In the summer of 1963, I was looking forward to beginning college but being one of ten children in a blue-collar family, and being unable to find a job since high school graduation, it seemed unlikely that would happen. My scholarship would cover only tuition, which left books, room and board. I had received no information or advice about student aid and felt hopeless about my future. Home life was becoming increasingly more difficult so when Sgt. George Sterling, US Air Force recruiter, came to the house, I was ripe for the picking. Before I realized what was happening, I was stepping off a plane in San Antonio, headed for basic training at Lackland A.F.B. in Texas.
I got through basic training without too much effort. None of the job choices were very enticing but aerial photography seemed to be my best choice. It would get me into the air, an exciting prospect to a kid who had always dreamed of being a pilot, and it might be a useful skill once I was through with the military. My problem was that I was six feet tall and the Air Force needed many more air policeman than photographers. The thought of me being a cop was laughable. The humor wore off real fast as I underwent another nine weeks of intensive combat and security training.
As my unit neared completion of training, I received good news and bad news. My request to be sent to Aviano, Italy was denied and I was advised I would be one of seventeen going to Vietnam. The good news was small compensation. We were informed that President Kennedy and other dignitaries were flying in for a dedication ceremony of the new Brooks Medical Center on their way to Dallas. On the day before our special detail, we were herded into a large meeting room and briefed by the Secret Service, the FBI, military intelligence and local police. Although we were purely decoration, we were taught how to identify each type of plainclothes security or law enforcement agent by the lapel pin they wore, in addition to protocol. On the morning of the 21st, we were bussed to the medical center, given the daily password and additional briefing. Then for lunch we were seated at tables covered with white linen, adorned with real silverware, china and fresh flowers. Civilian waiters delivered food to our tables – very different from the mess hall to which we had become accustomed.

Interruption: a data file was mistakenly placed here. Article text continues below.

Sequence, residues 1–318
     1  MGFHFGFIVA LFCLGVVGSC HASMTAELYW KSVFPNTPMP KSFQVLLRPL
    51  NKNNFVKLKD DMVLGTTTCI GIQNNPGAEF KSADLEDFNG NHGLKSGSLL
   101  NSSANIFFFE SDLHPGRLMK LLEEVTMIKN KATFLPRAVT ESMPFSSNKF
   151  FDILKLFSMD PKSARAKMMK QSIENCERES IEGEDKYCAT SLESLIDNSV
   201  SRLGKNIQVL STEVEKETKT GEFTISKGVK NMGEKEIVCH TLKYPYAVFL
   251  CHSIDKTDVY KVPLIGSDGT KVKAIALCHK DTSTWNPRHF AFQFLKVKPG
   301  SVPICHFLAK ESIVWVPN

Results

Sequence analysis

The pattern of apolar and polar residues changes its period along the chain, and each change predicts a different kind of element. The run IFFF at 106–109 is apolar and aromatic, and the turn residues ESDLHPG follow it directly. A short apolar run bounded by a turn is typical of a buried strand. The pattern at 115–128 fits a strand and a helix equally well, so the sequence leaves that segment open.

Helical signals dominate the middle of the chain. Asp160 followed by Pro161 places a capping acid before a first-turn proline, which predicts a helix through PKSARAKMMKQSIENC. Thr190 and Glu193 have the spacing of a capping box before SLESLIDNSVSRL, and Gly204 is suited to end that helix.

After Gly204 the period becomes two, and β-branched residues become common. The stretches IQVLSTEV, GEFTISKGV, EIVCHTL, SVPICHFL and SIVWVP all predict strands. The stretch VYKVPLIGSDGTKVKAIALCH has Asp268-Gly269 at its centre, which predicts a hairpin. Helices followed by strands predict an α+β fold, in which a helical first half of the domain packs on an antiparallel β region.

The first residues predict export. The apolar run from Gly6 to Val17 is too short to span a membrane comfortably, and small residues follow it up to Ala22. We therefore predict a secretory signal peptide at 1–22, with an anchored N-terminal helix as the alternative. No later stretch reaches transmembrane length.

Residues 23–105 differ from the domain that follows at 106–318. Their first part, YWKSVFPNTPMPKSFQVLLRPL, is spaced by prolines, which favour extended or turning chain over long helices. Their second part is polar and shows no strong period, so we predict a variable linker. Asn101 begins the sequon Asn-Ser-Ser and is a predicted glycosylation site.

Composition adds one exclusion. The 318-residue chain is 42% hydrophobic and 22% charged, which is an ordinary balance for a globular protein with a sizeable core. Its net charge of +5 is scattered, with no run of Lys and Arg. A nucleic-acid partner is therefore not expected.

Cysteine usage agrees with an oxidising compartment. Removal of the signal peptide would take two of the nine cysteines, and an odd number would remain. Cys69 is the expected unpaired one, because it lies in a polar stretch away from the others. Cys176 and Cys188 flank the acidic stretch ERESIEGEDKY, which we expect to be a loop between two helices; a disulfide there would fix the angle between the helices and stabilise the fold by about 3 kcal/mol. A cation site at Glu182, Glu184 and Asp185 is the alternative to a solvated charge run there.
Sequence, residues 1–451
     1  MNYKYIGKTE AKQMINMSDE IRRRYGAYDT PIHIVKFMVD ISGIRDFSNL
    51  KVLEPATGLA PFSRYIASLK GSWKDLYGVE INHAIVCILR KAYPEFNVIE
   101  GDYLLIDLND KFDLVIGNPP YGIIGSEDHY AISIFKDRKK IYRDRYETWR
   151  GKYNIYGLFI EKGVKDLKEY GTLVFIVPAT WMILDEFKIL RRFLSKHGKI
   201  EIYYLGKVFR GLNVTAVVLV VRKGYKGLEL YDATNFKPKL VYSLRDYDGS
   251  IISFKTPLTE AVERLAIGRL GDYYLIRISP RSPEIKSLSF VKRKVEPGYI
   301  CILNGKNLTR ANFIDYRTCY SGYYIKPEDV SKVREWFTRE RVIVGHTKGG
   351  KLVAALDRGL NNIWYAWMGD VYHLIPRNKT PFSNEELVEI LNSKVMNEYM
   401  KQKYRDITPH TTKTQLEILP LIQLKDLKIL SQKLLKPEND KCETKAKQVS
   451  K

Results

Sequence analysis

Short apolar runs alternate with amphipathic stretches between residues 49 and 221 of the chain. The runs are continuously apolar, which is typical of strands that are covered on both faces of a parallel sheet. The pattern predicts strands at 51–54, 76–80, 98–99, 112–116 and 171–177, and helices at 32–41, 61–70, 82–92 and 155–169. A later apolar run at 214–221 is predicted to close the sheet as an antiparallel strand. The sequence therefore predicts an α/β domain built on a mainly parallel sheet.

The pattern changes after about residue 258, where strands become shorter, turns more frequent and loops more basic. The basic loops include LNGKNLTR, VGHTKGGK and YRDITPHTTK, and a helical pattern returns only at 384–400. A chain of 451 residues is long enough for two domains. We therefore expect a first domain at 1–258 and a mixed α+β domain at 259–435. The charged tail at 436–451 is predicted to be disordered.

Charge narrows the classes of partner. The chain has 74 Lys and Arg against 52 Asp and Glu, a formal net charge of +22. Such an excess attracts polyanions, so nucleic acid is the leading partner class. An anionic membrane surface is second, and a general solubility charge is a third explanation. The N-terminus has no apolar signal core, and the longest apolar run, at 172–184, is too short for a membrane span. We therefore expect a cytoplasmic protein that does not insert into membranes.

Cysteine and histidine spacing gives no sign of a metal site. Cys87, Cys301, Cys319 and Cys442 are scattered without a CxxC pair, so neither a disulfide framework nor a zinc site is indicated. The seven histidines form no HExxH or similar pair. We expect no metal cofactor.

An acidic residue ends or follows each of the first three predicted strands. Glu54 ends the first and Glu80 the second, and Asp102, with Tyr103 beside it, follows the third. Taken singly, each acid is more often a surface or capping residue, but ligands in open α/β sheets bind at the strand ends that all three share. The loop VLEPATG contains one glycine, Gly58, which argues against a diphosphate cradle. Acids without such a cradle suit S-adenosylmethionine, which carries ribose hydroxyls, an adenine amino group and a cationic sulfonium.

After lunch, we were dropped off at our post. It was an unusually warm day for late November and we stood stiff as toy soldiers lining the curved drive to and from the ceremony. As the motorcade approached, one guy a few feet down the line dropped to his knees, apparently from heat exhaustion. I guessed he was probably overtaken by all the excitement and having stayed up most of the night to cram for our exam scheduled for the next day. My knees shook a bit and I worried I might be the next to drop. As I watched the black Lincoln pass by within just a few feet from me, I could clearly see a very gray looking J.F.K. Seeing the young charismatic president, even in his weary gray condition, seemed to boost everyone’s morale, including mine. A few minutes later, we broke ranks and it was all over. On the bus ride back to Lackland, we all compared notes on what we saw, and how we were now part of history – the largest honor guard to ever stand for a U.S. president.
The next morning, our entire unit filed into the examination rooms and began filling in multiple-choice questions in the test booklets. At the first break, we congregated outside, comparing our answers and sweating the results. Some of us were bound to wash out and end up in the dreaded foodservice, but who? Then one airman, who had been sneaking a transistor radio in his pocket, said, “Hey, Kennedy has been shot!” No one took him seriously. A few guys got angry and one threatened to deck him. Midway through the second round of testing, a young lieutenant entered the room, strode to the front and addressed the class. “The President of the United States has been shot and is at this moment undergoing emergency surgery in Dallas…” he reported without emotion. Our mouths dropped. “…and now, I hope you will all join me in a prayer,” the officer went on. I didn’t think my praying would do a damn thing but I bowed my head and joined in. We resumed our testing, barely able to read the questions much less answer them. By the end of the third round, the officer returned and gave us the final bad news. It was more than any of us could process. Kennedy was a breath of fresh air for our generation. His sudden death felt ominous, more than just the tragedy of one man, or even a president.
The next few days, those of us who had not shipped out lingered around the dayroom, watching the rest of history unfold – the arrest of Oswald, L.B.J.’s assurance that the government was stable, and of course Jack Ruby’s assassination of the presumed assassin. Just as we were preparing to go off to our little war, the home front seemed to be falling apart. I shook my friend Mike Roche’s hand as he left to catch his plane home to New York for Thanksgiving. Still feeling the shock and sadness of our shared experience, and remembering how quickly other close pals had gone off, probably never to be seen again, I was pretty sure this would be the last time I’d see my buddy Mike. I was terrible at saying good-bye, especially good-bye forever. Then, as I watched my pal hoist his duffel bag and step on the bus, my thoughts returned to our dead president. It occurred to me how insignificant my disappoints were, especially compared to those of the family, friends and a shocked nation who would never again see their husband, father, friend and president, John F. Kennedy.